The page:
A. Because sun exposure is a leading flare-up trigger for so many, using sunscreen with an SPF (sun-protection factor) of 15 or higher is recommended for most rosacea patients all year-round -- but it is also important to avoid direct sunlight as much as possible.
Published by the National Rosacea Society.
Editor: Dr. Julie Harper, president and owner, Dermatology and Skin Care Center of Birmingham
Managing Editor: Andrew Huff
Rosacea Review is a newsletter published by the National Rosacea Society for people with rosacea. The newsletter covers information pertaining to the disease and its control, including news on research, results of patient surveys, success stories, lifestyle and environmental factors, and tips on managing its signs and symptoms. To receive Rosacea Review by mail, please join the NRS. You can also sign up to receive the newsletter by email.
While some signs and symptoms of rosacea can be challenging to control, effective medical therapies have been extensively studied and approved for the treatment of the bumps and pimples of subtype 2 (papulopustular) rosacea, according to the standard management options for rosacea recently published by the National Rosacea Society.1
Advance planning makes any vacation more successful, so when you make your travel reservations, don't forget to plan strategies to keep your rosacea under control. The following suggestions can lead to a more enjoyable getaway.
- Play it safe with prescriptions. You don't want to get stuck in a faraway place without your rosacea medication, so pack it in your carry-on bag in case your luggage is lost or delayed.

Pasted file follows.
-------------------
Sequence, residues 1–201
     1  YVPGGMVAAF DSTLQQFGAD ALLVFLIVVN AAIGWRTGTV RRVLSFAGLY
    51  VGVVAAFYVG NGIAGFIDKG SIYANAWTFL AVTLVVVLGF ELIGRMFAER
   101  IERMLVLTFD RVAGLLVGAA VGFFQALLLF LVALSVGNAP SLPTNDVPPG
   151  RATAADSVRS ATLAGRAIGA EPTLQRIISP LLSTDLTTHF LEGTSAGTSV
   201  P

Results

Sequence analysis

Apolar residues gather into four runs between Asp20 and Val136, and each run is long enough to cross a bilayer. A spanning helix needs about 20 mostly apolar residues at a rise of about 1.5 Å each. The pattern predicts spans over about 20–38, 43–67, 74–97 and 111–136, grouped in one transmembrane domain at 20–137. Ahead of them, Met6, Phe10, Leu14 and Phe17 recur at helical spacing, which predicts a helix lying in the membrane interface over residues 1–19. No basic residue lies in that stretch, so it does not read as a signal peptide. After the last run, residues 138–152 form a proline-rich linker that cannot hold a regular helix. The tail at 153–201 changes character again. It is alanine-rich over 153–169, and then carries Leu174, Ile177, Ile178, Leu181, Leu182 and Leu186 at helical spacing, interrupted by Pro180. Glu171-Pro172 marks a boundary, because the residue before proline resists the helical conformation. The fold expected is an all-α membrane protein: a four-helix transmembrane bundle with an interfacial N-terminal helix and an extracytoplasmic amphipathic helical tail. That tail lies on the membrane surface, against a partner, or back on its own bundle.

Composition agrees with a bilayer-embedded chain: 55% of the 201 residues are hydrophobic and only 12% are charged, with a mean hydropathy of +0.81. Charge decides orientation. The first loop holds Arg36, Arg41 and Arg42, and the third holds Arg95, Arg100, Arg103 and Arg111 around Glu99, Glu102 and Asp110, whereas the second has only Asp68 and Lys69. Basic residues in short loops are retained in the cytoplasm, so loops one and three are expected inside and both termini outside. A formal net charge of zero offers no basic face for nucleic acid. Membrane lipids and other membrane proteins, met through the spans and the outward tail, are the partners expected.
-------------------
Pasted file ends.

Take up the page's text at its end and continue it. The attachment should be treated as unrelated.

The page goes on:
With the arrival of spring and summer, the need to beat the heat grows even more urgent for the many rosacea sufferers whose symptoms are triggered by high temperatures. Beyond the many tried-and-true measures, readers have shared additional ideas for keeping your cool whether outdoors or inside.
The signs and symptoms of rosacea can vary greatly from one patient to another, and sometimes the symptoms can be so unexpected that diagnosis is delayed. Such was the case for Terri Flynn, a 63-year-old part-time receptionist from Texas. Lacking the telltale facial signs of rosacea, Terri suffered through years of red, watery eyes before she finally learned she had rosacea.
"About 10 years ago, I started getting styes. I wore contacts, and my physician blamed it on that," Terri said. However, her doctor said he didn't normally treat styes.
Although the number of people with rosacea continues to rise with the growth and aging of the U.S. population, most fail to recognize the warning signs of this increasingly widespread disorder now estimated to affect more than 16 million Americans. The National Rosacea Society (NRS) designated April as Rosacea Awareness Month to alert the public to the signs and symptoms of this chronic and conspicuous facial condition and to emphasize the importance of seeking medical help.
The National Rosacea Society (NRS) has awarded funding to three new studies and continues to fund three ongoing studies as part of its research grants program to advance scientific knowledge of the potential causes and other key aspects of this often life-disruptive disorder.